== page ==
As we witness spring awakening to blossoming cherry trees, daffodils, tulips, snow drops, crocuses, hyacinths, bluebells, rhododendrons, and countless other species of spring flowers, many of us feel an awakening of a spirit of new life within.
This awakening spirit within is externalized just as it is in nature. Hence, we witness new building constructions, designing vegetable and flower boxes, yard clean-up, house cleaning (like washing windows), car cleaning and replacing bedspreads, curtains, tablecloths to match the changing season. This burst of energy in creating new projects has been called “Spring Fever”.
Along with the seasonal projects often comes a higher motivation to exercise in the form of biking, golfing, lawn bowling, walking the trails, participation in marathons, nature photography or painting, sailing, and observing herons and a pod of whales in the Chemainus Harbour (Jones Marina, as on Sunday, March 24).
Spring is definitely all around us in many forms. All I have to do is open my eyes and heart to newness and I will blossom as well.
I invite you to imagine which flower you are going to blossom into this Easter. Try to visualize which spring flower has meaning for you at this particular time in your life.
For example, on Valentine’s Day or whenever love wants to be expressed, the rose is most often chosen. Likewise, if I go inside myself and allow myself to feel which spring flower symbolizes what I want to express, I will identify with the spring flower that I am going to blossom into this Easter.
The Daffodil Society explains on its website that the term Floriography (the language of flowers) originated in England in 1716 by Lady Mary Wortley (wife of the English ambassador to Turkey). Any of us who have a pet knows that animals speak to us; so do flowers. I simply need to listen to learn the language of flowers and hear what the flower/tree is saying to me.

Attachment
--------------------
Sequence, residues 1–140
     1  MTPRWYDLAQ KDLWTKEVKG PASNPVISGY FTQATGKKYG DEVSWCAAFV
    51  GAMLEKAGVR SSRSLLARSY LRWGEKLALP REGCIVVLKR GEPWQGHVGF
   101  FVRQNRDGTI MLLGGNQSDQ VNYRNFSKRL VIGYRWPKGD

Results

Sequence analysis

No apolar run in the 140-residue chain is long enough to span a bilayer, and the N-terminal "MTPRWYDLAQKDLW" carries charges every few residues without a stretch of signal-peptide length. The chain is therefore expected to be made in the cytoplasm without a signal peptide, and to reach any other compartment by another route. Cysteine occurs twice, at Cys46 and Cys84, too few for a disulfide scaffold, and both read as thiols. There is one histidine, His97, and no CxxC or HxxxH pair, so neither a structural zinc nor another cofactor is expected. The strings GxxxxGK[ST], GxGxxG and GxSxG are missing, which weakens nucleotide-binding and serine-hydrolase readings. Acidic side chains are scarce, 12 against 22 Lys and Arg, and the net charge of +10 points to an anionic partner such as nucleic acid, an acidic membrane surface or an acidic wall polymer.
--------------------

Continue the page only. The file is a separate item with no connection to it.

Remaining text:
Here are some meanings given to the n-a-m-e of spring flowers.
Daffodil: esteem, regard, re-birth, new beginning (as it is the first spring flower to appear).
Snow Drop: purity, hope, re-birth, consolation or sympathy.
Crocus: cheerfulness, gladness, youthfulness, mirthfulness and glee.
Bluebell: humility, gratitude, everlasting love, constancy.
Hyacinth: sincerity if hyacinth is blue, jealousy if yellow and sorrow if the hyacinth is purple.
Tulips: perfect enduring love, undying passion, royalty and a regal nature, forgotten or neglected love, charity and supporting the less fortunate. The tulip is also the 11th wedding anniversary flower.
Rhododendron: elegance and wealth, taking care of someone, temperance, abundance.
Perhaps, when I understand the meaning behind the name of the spring flower it will be easier for me to know which flower I identify with this spring season and what I want to express as I blossom this Easter.
Wishing all readers a very joy-filled Easter.
(Chemainus resident Kathleen Kelly is the author of the book ‘The Tornadoes We Create.’)